So glad you sat down with us today, Victoria! Let’s get started. First off, what inspired you to write middle grade fiction, specifically middle school girls?

Middle school is burned into my memory. There are a lot of things I’ve forgotten about my childhood, but I remember middle school vividly. So my heart goes out to every single kid who is entering the murky waters of seventh grade, especially the girls. I was not a popular kid during those years, so I spent a lot of time reading. Those books shaped much of my thoughts and beliefs about life. Because of that, I’ve always wanted to write stories for those kids who are deep in the trenches of middle school themselves. 

I too remember middle school well. You’ve done a fantastic job of recreating that time for me. Where did you get your ideas? Did you have any of the experiences of your characters?

I’m sure my ideas are just a product of my overactive imagination. I was in orchestra in seventh grade, then in choir from eighth grade through college, so that provided the perfect base for these stories. I loved that part of my life, from the music to the natural camaraderie that forms within a choir. I also was very involved in my church and in youth group, just like Summer in Soprano Trouble. But that’s where the similarities in my experiences end.

You were able to portray the feelings of middle schoolers so well—those hard ones that never seem to change. Were you like any of your characters in middles school? Or who do you most identify with?

I identify most with Summer. I’m the middle child with two sisters, just like her, so much of her opinions about her sisters are ones that I had back then. I also identify with her struggle to do the right thing, and especially not being very sure what the right thing is. When it comes to Maddie, I connect with her desire to be known and liked for who she really is, not for who people think she is.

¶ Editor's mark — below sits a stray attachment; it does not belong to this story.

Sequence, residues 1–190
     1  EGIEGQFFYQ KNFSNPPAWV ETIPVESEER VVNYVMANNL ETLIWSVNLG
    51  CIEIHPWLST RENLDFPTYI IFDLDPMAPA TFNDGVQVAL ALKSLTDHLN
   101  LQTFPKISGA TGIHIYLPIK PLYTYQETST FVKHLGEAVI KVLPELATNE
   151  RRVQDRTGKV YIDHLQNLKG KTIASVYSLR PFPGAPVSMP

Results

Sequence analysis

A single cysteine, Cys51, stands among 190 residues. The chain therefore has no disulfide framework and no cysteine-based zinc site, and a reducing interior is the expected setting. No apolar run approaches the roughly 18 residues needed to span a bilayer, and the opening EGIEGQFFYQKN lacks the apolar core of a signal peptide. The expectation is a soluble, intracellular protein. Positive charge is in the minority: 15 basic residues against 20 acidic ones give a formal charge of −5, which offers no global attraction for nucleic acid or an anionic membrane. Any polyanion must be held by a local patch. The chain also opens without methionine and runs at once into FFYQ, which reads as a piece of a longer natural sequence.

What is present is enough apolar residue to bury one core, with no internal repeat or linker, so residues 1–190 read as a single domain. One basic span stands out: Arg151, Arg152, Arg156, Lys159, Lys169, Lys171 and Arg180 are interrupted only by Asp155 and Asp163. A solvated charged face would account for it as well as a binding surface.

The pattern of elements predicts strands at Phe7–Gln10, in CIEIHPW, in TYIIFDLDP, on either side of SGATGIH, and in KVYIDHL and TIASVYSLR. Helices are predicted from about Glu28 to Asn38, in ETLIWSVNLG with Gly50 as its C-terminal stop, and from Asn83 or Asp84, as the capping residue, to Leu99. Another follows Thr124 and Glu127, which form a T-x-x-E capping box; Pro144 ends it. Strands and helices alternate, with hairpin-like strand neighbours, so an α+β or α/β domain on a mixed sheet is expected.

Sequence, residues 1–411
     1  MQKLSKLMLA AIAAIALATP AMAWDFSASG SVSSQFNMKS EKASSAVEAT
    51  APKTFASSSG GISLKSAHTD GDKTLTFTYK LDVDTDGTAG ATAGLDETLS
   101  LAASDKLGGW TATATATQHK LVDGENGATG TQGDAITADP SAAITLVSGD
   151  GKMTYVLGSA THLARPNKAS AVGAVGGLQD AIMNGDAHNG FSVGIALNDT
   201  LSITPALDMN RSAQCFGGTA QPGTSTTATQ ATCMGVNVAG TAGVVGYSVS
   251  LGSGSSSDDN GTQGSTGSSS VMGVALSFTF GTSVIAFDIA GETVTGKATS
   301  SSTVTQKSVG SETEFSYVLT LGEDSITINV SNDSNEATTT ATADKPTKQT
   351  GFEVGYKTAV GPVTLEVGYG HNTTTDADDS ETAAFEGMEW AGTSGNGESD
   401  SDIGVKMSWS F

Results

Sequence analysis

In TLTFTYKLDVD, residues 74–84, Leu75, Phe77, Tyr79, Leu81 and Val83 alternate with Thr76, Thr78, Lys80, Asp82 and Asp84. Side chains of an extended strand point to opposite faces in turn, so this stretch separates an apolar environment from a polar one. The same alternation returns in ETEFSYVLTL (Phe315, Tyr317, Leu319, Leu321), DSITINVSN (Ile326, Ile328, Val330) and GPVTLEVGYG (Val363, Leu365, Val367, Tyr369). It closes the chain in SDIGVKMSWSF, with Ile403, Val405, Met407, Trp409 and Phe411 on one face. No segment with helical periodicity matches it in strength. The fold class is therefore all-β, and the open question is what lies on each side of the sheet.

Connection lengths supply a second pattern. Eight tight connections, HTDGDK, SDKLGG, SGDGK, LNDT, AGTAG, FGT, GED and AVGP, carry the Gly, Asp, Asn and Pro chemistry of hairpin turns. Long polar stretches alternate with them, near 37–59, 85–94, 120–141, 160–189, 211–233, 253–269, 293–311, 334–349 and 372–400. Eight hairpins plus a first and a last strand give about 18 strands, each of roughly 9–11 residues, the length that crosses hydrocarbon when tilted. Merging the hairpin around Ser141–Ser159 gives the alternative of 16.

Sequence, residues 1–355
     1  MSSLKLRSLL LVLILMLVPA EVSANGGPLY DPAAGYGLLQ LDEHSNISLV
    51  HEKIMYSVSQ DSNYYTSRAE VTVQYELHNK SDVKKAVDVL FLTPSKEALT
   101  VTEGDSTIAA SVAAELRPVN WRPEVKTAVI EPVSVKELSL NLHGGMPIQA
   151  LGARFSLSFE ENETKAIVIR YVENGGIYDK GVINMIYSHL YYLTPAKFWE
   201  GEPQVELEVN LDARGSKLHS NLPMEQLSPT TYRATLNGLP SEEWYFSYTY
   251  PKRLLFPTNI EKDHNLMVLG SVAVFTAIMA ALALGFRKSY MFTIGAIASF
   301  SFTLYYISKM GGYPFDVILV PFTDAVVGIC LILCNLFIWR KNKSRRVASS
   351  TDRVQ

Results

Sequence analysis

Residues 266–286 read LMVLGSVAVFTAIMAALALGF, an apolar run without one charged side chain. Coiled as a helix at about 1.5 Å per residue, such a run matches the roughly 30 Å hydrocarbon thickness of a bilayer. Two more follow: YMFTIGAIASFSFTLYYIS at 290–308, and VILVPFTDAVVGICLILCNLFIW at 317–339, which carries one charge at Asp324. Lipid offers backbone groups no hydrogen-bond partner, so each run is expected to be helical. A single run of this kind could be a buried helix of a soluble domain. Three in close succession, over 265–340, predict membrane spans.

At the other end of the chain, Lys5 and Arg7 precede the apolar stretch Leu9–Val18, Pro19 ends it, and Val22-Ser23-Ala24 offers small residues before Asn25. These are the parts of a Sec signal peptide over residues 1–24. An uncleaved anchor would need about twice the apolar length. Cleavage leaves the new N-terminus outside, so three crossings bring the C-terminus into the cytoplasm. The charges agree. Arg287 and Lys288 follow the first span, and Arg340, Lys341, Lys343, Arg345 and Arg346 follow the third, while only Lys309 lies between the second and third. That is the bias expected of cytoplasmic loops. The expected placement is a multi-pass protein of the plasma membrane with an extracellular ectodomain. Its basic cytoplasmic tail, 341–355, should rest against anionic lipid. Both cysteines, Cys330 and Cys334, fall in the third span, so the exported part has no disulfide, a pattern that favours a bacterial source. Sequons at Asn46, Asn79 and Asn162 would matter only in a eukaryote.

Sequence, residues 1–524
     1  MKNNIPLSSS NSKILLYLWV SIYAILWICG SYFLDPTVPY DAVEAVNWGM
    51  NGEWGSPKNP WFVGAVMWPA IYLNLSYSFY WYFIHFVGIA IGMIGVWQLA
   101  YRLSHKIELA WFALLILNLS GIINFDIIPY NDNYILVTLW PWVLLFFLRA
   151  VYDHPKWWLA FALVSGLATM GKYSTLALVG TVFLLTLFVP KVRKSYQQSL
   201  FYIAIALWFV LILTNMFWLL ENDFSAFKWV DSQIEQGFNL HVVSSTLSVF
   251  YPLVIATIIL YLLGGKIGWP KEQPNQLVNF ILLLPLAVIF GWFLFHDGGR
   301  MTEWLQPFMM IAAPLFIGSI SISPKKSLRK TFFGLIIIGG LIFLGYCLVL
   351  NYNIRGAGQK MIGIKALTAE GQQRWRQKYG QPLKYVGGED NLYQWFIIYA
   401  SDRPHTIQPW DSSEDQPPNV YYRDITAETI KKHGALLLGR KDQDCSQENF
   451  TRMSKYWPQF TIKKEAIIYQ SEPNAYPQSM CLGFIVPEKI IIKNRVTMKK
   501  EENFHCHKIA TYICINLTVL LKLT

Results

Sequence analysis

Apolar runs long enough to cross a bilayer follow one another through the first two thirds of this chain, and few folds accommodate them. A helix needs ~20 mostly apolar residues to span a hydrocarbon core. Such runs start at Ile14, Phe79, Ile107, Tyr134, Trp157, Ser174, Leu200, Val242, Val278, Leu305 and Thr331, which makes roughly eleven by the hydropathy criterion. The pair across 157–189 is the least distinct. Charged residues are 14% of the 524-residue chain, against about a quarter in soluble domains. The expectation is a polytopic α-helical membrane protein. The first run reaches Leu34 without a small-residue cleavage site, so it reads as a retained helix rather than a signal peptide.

Cammie is a big player in the first three books. Will we see her story in book 4?

Yes, you will! Poor Cammie. I hope you’ll get to see a bit of why she is the way she is, and I hope you enjoy the journey that she takes in that story.

I wasn’t much of a reader in middle school. Thank goodness I found that joy later. Did you read in middle school? If so, what was your favorite book?

I have always been a bookworm. When I was in middle school I spent hours and hours with The Babysitters Club series. My dad had enrolled me in a BSC book of the month club, and every month I got a package with three books. I read them over and over. In fact, when I was in ninth grade my English teacher had to tell my parents to forbid me from reading them for a while just so I could expand my horizons. I moved on from those to the Christy Miller series by Robin Jones Gunn. And other things, of course. My teacher was right. I needed to expand my reading pool.